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King City
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July 6, 2022

Funny Papers Again Column | Crime and Punishment

For this week’s column I had a nice little piece forming about how to get on national television and make a fool of one’s self; based on personal experience, of course. But a situation arose right in front of my nose, or at least in the street where I live, and it caused me to abandon the TV piece in favor of the circumstance unfolding before me.

I believe the driving force behind the switch is my realizing that King City is no longer a town but is indeed a city, and as such the applications of law enforcement have, by necessity, changed. With the advent of greater numbers of permanent and transient residents, it seems to me officer discretion has lessened over the years.

Officer discretion is the latitude which each officer of the law possesses to “call the shots” from the field; in some cases this leeway can mean quite a difference to the parties involved. In last night’s case (I write this in the present tense; actually last Friday evening) it involved a vehicle parked in front of a private drive; this is on the 400 block of Seventh Street, a half block north of the fairgrounds.

Now we who live in the area are accustomed to a marked increase in both vehicular and pedestrian traffic during Fair Week; and we accept that parking spaces, already in short supply, are going to get taken by fairgoers. Now, before going any further, I will state that the driver who parked illegally was just that, illegal. But it is my opinion that the situation could have been handled better. Let me go over a few details.

Firstly, the owners of the property whose driveway was covered did not need the use of the drive last evening. In conversation with the officers who were dealing with the vehicle, they stated that they felt a written citation was in order, but that towing was not necessary on their part. They were informed that a ticket was not an option but that towing the vehicle was required.

In my conversation with the officers, I stressed that given the circumstances, if the officers waited for a few hours, then surely the occupants would return from an evening at the Fair, gotten in their car and drove away and that would have been that. That fell on deaf officer ears. The tow truck was already on the scene and readying to haul the auto away.

The auto was registered as being owned by a Greenfield resident. I argued that if that was the only car available then what were they to do on a cold, windy night without transportation home. The response I received was “they should have thought of that before they parked illegally”; I agree, but I don’t agree their punishment fit their crime. And “they” were not just numbers on a report, they were real humans. But, this auto was surely going to be towed as no wiggle room could be found in dealing with the local gendarmes.

To understand the following, it must be known that Seventh Street is one of the narrowest streets in town, and given the close proximity of the illegally parked vehicle, the tow truck had to be situated so that it blocked all traffic and trapped some neighbors in their driveways and curb parking spaces. And this truck was there until after the two officers had gone; they should have stayed.

In fact, they should have, in my humble opinion, done a better job of dealing with the whole towing logistics before they departed the scene. In earlier conversations with the neighbors, had they asked if the car parked behind the illegally parked vehicle belonged to anyone in the house; it does and had that person been asked, he would have moved his car allowing the tow truck better access and that way it would have taken all of 10-15 minutes to complete the hook-up and tow. When I mentioned this to one officer, he replied it was too late for that and so the truck blocked the street for just shy of an hour.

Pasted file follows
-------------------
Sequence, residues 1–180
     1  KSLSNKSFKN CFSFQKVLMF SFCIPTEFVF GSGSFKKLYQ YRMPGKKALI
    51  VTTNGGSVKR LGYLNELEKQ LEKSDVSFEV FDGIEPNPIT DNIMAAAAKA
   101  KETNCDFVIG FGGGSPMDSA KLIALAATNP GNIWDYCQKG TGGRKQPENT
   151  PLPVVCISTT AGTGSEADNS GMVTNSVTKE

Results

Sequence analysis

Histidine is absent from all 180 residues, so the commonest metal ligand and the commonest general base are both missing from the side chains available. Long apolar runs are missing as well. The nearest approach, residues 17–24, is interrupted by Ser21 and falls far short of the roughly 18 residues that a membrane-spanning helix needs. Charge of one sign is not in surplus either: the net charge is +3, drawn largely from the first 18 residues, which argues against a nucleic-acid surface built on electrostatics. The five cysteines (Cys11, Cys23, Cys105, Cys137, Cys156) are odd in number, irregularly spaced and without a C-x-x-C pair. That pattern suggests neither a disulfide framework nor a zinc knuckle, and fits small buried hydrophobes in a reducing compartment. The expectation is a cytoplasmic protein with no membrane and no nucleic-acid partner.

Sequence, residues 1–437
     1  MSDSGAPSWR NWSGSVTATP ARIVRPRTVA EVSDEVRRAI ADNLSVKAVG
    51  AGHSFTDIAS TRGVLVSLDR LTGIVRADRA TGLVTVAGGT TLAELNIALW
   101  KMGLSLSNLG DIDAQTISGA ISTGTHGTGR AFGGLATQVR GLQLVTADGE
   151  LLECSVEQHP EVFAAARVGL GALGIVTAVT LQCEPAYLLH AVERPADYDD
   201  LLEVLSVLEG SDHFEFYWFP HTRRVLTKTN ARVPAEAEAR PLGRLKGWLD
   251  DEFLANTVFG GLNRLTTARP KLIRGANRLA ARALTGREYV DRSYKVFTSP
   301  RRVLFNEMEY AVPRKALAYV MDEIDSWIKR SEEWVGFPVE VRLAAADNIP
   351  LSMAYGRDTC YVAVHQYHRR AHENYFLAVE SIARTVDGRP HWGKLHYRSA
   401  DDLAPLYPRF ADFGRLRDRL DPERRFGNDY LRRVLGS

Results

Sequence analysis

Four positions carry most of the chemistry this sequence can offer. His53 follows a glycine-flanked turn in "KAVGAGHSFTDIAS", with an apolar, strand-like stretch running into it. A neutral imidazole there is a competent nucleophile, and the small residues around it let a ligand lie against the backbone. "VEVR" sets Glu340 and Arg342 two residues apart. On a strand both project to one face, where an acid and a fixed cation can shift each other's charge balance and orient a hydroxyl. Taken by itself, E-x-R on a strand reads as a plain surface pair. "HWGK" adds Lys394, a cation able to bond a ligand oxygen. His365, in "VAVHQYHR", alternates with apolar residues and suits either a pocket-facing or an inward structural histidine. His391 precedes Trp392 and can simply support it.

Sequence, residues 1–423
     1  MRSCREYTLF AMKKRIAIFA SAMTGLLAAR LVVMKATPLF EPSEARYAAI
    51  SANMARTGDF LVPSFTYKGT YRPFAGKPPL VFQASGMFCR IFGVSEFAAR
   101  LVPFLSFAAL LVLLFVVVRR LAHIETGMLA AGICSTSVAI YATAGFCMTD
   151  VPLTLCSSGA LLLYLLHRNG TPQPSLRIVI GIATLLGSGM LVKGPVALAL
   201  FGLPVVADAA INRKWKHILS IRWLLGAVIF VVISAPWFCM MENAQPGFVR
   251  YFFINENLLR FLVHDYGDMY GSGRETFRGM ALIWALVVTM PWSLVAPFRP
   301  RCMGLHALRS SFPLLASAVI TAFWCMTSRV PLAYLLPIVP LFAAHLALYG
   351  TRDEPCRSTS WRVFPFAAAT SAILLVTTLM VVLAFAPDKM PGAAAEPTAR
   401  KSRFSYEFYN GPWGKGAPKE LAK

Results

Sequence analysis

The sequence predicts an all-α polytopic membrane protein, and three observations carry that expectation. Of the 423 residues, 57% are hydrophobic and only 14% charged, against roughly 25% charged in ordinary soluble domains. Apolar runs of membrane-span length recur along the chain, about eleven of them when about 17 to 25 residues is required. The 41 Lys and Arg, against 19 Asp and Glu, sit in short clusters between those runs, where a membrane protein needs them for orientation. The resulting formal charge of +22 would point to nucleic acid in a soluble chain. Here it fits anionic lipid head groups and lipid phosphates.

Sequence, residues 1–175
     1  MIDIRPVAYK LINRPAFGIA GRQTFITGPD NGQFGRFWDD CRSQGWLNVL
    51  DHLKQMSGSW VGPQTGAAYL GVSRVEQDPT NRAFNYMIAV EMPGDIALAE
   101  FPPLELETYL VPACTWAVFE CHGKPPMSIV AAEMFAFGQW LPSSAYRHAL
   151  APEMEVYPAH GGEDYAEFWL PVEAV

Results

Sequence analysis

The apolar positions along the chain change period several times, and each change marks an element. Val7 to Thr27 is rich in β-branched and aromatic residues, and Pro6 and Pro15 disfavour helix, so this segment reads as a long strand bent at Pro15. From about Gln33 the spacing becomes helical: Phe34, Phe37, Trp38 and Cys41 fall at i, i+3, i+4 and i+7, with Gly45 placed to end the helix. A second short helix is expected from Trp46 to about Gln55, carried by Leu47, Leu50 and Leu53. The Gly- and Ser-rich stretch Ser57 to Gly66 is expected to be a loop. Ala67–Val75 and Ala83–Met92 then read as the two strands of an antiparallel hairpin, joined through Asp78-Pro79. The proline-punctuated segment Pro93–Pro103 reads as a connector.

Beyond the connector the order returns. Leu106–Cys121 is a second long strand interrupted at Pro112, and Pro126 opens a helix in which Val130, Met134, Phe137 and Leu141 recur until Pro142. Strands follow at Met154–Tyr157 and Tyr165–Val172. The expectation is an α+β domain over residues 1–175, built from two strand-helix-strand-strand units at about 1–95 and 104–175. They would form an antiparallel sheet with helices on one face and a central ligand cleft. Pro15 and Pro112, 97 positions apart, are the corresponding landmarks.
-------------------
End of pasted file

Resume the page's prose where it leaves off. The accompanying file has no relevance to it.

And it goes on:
Nor was any attempt at identification of the car parked in front of the targeted tow, another simple task requiring nothing more that asking those of us who were standing around watching this unfold as we could have told the officers that it belonged, no surprise, to the lady in front of whose house it was parked. Had this been done then the tow truck driver could have more easily and quickly completed his task.

In fact, after the officers had departed this is the suggestion I made to the driver, and sure enough she answered her door and was more than happy to move her vehicle a few feet forward, and within a few seconds the tow rig and its prey were gone. The blocked private driveway now clear, but unused.

The whole thing is finally over, Seventh Street now cleared and life returns to normal. Also returning, not 10 minutes after the tow truck pulled away, was the couple who was now missing a vehicle. I offered the use of the house where I live until they worked things out; they were gracious in their refusal, so I retired for the evening. I hope all worked out well for them.

OK, back to my original diatribe about how our town is now a city requiring less discretion in the application of laws, codes, ordinances, et al. I don’t condone the offense, but I don’t agree it was handled well.

At one point I made it a point to correct one officer, who after I made a statement regarding information my neighbors had passed on to me, stated that “they lied to you.” I felt it was prudent to let him know that we here on Seventh Street who are in close vicinity to each other do not lie to one another; what would be the reason?

Take care. Peace.

Steve Wilson
King City and Greenfield Columnist
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